[The episode is titled "Bastards Out of Carolina," which would seem to be a reference to the Dorothy Allison novel "Bastard Out of Carolina," which is a story of abuse and sexual molestation, which makes the whole thing simultaneously appropriate and woefully inappropriate.]
With the ceremony approaching, Travis and CeLisa pick out cake, select a ring from featured sponsor Natalie K and she goes out with friends for a bachelor party where random strangers just happen to come over and flirt with her and just happen to decide to strip for her just as Travis arrives to see what's going on.
You watch the episode rooting for a horrible flameout and the cessation of the impending nuptials, which is ghoulish enough, but there's the awareness that without the cameras, this probably would have happened naturally. Forcing Travis and CeLisa to the brink of revelation isn't a public service, because the editors don't do a good job convincing us that their partnership is damaging to anybody but themselves and that either one of them would actually be capable of more happiness or more stability with somebody else.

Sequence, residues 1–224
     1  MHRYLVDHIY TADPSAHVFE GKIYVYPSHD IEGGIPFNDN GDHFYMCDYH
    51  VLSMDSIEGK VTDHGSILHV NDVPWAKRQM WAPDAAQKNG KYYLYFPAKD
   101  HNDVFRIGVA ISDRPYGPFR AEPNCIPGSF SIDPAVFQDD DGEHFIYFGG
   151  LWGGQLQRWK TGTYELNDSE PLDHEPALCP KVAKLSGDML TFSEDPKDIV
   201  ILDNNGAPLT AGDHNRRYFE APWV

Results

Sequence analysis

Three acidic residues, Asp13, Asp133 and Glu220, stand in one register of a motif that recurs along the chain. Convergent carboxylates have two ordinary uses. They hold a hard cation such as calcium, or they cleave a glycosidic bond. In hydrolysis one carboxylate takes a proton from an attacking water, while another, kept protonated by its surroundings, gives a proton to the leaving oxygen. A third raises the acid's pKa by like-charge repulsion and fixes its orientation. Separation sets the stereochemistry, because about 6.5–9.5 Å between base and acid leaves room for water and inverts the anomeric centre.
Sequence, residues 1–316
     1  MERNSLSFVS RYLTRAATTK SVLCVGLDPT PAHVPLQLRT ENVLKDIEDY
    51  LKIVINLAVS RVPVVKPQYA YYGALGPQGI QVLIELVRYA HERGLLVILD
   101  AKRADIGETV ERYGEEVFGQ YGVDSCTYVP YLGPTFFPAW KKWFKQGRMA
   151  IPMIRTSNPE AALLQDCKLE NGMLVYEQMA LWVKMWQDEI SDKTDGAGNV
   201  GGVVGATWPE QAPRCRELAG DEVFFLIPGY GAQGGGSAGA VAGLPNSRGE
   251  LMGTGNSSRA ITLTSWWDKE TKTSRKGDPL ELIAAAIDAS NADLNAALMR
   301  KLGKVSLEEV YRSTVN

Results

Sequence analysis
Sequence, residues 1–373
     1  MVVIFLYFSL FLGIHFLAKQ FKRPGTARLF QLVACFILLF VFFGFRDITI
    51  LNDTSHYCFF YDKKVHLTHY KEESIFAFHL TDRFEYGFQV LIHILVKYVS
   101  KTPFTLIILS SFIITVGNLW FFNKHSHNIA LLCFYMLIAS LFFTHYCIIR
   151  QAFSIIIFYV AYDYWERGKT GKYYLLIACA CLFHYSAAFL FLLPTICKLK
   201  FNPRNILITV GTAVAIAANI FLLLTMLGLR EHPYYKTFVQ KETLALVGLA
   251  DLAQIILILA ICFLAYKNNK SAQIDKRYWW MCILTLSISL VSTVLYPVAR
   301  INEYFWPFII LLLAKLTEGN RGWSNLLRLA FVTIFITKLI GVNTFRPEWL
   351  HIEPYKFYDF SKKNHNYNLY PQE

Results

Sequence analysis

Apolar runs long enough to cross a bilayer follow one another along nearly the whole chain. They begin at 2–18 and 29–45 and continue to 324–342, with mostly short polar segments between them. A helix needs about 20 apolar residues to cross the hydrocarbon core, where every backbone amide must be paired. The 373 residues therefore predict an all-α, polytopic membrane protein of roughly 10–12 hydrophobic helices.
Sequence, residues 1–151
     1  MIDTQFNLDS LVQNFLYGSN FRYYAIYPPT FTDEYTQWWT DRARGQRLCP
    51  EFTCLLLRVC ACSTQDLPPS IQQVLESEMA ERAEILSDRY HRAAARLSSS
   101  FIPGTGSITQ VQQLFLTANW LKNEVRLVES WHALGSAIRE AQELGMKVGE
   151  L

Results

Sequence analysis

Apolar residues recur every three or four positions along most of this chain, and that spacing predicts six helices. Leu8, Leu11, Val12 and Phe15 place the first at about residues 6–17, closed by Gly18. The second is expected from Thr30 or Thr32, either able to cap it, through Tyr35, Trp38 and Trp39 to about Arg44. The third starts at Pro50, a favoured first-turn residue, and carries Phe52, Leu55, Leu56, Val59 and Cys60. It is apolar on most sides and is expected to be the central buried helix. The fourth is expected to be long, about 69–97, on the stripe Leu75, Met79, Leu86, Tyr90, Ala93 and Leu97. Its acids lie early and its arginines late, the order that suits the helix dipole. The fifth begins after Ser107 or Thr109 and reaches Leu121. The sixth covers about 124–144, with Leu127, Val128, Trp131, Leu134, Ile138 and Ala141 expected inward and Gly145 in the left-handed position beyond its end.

So it's all just a freakshow and just because the couple's doomed to failure anyway doesn't mean that the pressure of the camera, their families and the pomp and circumstance won't force them to get hitched anyway, so don't think you know what's coming until the very last second.
Critics were sent a second episode, from far later in the run, where the couple -- Torrino and El Lana -- have been together for 10 years. She's white. He's African-American and his mama disapproves. That's their only real obstacle and they're actually a pretty sweet couple and one could conceivably imagine rooting for them to work it out. That's why The CW won't be airing that episode first.
These couples all have problems, but precious few seconds are spent with them talking to relationship counselors or members of the clergy. No, those people are trained professionals. The producers prefer the in vino veritas path to enlightenment, hoping that with the help of booze and nosy, camera-hungry friends and family, their complicated problems will be solved in seven days of artificial stress. So the women all go about planning their fairy tale weddings (CeLisa, in tried-and-true reality TV fashion, must say "fairy tale" 20 times in her episode), while the guys shrug and wait for it all to be over.
There was actually a bit of backlash a couple years ago when FOX defiled marriage for the far more entertaining "Married by America." That show, by democratizing these sham unions, at least acknowledged what "Hitched or Ditched" keeps on the down-low, the unspoken assumption that some people shouldn't be allowed to take control of their own romantic destinies.
"Marriage is a sacred institute," malaprops one of Travis' uncles in the premiere.
You wouldn't know it from watching "Hitched & Ditched."
"Hitched or Ditched" premieres on Tuesday, May 26 at 9 p.m. on The CW.